Taking Figure 1 as a whole, it would certainly be unwise to presume that measures of consumer satisfaction are precise, sufficient predictors of future market sales. Using the relationships in Figure l, it would be extremely useful to evaluate these relationships with empirical data. Unfortunately, this paper is unable to discuss any empirical data bearing on the relationship between levels of satisfaction and sales.

Satisfaction As An Independent Measure of Market Performance

In addition to the potential value of satisfaction as a leading indicator for sales, firms find that satisfaction is a useful independent measure of market performance. From a societal point of view, the organization is given special status because it both provides profit to its ownership and useful services to its markets. Measures of profit are only theoretically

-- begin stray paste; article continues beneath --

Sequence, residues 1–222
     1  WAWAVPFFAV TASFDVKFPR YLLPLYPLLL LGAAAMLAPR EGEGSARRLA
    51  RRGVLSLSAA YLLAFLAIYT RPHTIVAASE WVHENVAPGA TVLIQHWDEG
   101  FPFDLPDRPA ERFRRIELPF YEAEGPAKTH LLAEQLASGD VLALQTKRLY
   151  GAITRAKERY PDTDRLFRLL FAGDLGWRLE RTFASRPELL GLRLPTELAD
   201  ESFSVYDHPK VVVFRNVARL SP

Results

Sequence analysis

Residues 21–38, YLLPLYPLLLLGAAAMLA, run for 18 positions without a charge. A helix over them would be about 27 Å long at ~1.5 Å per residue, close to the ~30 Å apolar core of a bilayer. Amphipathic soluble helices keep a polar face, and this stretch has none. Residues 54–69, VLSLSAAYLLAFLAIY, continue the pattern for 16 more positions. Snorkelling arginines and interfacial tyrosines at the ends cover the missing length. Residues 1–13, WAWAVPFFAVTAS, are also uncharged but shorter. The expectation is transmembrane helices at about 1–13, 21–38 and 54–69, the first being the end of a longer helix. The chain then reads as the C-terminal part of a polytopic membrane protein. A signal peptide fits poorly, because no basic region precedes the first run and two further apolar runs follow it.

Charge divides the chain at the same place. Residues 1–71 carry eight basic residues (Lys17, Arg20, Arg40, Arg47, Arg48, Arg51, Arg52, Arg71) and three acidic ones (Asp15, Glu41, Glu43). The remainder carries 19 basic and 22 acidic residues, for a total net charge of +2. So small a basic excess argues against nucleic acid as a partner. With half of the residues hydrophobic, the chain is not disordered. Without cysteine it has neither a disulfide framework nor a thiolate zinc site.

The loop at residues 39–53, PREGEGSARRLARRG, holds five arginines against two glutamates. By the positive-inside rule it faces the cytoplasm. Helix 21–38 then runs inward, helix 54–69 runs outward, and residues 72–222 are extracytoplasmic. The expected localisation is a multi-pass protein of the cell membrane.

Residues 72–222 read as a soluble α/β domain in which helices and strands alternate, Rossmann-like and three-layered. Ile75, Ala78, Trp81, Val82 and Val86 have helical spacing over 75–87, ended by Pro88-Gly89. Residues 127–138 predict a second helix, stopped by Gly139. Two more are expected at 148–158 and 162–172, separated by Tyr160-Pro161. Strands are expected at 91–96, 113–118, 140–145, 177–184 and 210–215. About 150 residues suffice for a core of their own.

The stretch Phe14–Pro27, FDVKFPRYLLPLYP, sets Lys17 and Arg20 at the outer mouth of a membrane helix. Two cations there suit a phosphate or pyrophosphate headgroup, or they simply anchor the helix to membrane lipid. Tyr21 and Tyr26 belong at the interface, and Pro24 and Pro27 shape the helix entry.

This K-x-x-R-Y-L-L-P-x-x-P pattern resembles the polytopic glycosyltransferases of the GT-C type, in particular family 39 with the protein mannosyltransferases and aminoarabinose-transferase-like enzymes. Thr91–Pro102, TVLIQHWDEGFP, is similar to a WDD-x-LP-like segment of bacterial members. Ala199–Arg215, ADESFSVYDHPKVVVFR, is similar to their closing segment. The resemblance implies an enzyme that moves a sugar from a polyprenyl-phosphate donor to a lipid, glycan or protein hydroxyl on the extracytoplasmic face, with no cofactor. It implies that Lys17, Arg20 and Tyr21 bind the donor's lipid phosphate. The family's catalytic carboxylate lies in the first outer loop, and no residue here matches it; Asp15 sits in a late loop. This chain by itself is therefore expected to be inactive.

related to satisfaction of markets. Certainly the courts and government do not consider return on investment as the sole measure of a firm's performance in the marketplace. The social effects of a firm on its market may be better measured by consumer satisfaction scales. These scales may provide insight into the efficiency of the market. Dissatisfaction may indicate an inefficiency in the process: either consumers have unrealistic expectations or firms are failing to deliver adequate products, or a combination of these two. Therefore, measures of consumer satisfaction may represent useful indicators which can be independent of sales of the firm and the firm's profitability. As an extension of this reasoning, we might hypothesize that efficient markets are those in which measures of consumer satisfaction are positively and strongly related to the sales, and profitability of the firm. It is seen that efficient markets will be ones in which consumer's expectations are met leading to satisfaction which leads to continued growth in sales for firms providing these products. Contrarily, firms which do not satisfy their consumers should experience weak sales or profitability. Free efficient markets should lead to strong relationships between these variables. It is in these markets in which measures of consumer satisfaction would be most useful to the firm as lead indicators of sales. In imperfect markets, consumer satisfaction and profit might be less related, and therefore seen as independent measures of market performance compared with sales and profit.